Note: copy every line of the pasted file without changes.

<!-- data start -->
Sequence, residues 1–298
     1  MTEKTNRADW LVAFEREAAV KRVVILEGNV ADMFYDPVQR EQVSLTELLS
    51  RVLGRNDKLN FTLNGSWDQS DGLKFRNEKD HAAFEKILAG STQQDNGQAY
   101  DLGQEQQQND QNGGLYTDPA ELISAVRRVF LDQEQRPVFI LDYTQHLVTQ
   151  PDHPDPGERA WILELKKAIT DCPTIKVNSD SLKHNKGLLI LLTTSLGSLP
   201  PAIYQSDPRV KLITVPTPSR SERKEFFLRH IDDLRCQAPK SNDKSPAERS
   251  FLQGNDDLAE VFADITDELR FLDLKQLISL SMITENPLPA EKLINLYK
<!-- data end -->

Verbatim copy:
Sequence, residues 1–298
     1  MTEKTNRADW LVAFEREAAV KRVVILEGNV ADMFYDPVQR EQVSLTELLS
    51  RVLGRNDKLN FTLNGSWDQS DGLKFRNEKD HAAFEKILAG STQQDNGQAY
   101  DLGQEQQQND QNGGLYTDPA ELISAVRRVF LDQEQRPVFI LDYTQHLVTQ
   151  PDHPDPGERA WILELKKAIT DCPTIKVNSD SLKHNKGLLI LLTTSLGSLP
   201  PAIYQSDPRV KLITVPTPSR SERKEFFLRH IDDLRCQAPK SNDKSPAERS
   251  FLQGNDDLAE VFADITDELR FLDLKQLISL SMITENPLPA EKLINLYK